Going by this information, it isn’t difficult to see why NMS is 2016’s most eagerly awaited game.
And yet, there’s doubt. Not much, mind you, but it is still there.
The doubt is almost entirely due to the failure of Spore given their inherent similarities.
Promising so much, with countless options and possibilities, will the game fall into the same pitfalls and not live up to the hope it offers?
Spore is quite a limited game when it comes to actually playing it. There are a handful of key stages of evolution which offer different problems and capabilities, stopping when the player has accessed space exploration.
While this final stage can be played ad infinitum, there were only so many things you were able to do or planets to explore before the game became tiresome and the lack of a developed gameplay stood out.
NMS is based almost entirely on its space travel and world exploration, with options to become involved in conflicts between alien races and other side quests as well.
Up until its release, there will always be the query as to whether Hello Games have managed to solve the issue regarding never-ending games; the incentive to keep playing.
The game offers players the opportunities to upgrade all of their equipment and ships, with a variety of different plug-ins allowing for widespread customisation of just about every facet, however is this enough to keep players coming back time and time again?
Other games which require a similar degree of ‘grinding to upgrade’ often have a storyline and defined goals (most prominently seen with World of Warcraft), not to mention offer regular updates and expansions to further add to the gaming experience.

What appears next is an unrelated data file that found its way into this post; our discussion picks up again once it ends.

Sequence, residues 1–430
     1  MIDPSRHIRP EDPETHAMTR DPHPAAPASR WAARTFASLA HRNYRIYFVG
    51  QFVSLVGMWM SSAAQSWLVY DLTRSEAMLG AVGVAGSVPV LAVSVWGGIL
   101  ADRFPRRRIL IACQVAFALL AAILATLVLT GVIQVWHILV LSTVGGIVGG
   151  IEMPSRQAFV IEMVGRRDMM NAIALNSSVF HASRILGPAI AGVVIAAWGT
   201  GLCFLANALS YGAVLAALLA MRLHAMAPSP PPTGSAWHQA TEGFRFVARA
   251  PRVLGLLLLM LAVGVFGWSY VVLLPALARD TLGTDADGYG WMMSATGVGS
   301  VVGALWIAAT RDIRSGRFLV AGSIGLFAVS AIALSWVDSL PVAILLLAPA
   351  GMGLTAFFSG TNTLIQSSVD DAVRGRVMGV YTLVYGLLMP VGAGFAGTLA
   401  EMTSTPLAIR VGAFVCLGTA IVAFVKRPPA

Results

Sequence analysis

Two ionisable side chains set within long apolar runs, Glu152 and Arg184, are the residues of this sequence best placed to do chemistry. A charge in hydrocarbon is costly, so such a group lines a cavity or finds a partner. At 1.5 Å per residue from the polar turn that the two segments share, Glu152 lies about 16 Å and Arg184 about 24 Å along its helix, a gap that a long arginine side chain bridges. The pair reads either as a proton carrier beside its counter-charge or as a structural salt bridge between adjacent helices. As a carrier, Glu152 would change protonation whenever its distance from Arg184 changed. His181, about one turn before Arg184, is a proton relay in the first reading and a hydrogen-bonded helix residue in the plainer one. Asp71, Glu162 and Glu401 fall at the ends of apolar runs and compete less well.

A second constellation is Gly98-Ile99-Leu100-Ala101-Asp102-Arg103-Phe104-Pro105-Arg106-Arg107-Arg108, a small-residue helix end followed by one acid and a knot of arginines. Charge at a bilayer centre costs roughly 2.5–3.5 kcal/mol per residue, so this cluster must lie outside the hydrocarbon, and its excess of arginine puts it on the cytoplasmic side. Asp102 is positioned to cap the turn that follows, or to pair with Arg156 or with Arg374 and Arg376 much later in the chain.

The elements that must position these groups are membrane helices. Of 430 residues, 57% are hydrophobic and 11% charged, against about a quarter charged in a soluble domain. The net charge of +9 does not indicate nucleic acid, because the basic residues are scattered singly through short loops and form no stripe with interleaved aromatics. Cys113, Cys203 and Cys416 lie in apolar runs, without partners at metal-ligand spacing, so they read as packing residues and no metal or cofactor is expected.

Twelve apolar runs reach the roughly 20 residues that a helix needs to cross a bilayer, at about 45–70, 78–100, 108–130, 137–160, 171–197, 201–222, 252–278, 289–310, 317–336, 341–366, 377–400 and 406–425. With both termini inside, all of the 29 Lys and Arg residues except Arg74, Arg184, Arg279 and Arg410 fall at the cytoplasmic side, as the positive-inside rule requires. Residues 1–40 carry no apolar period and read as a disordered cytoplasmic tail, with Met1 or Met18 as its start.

It’s difficult to see just how NMS can do similar given the entire game is dependent on mathematics rather than individually-created components.
Much of its replayability will be up to the player and their own desire to continue exploring for hours on end, potentially without any apparent reward.
For the good of the gaming industry, many will be hoping NMS does succeed, simply because of the potential contained within how its universe creates itself.
Outside of virtual reality, this concept and mechanic could be the most important stepping stone for how future games are made and the sheer scope of gameplay – especially in regards to space exploration.
Taking the story away from the creators and into the hands of the player, the term ‘sandbox’ game mightn’t even be enough to truly describe just how free and expansive they can be.
Of course, gaming history is nothing but a timeline of progresses, from one technological advancement to another.
So while NMS has every chance to be a spectacular success, even if it fails, its potential importance cannot be understated.
It mightn’t be perfect, you may only play it once and never again, but for now just enjoy seeing – and experiencing – what may very well be the next big leap forward in gaming.
No Man’s Sky releases on PlayStation 4 & PC June 22, 2016.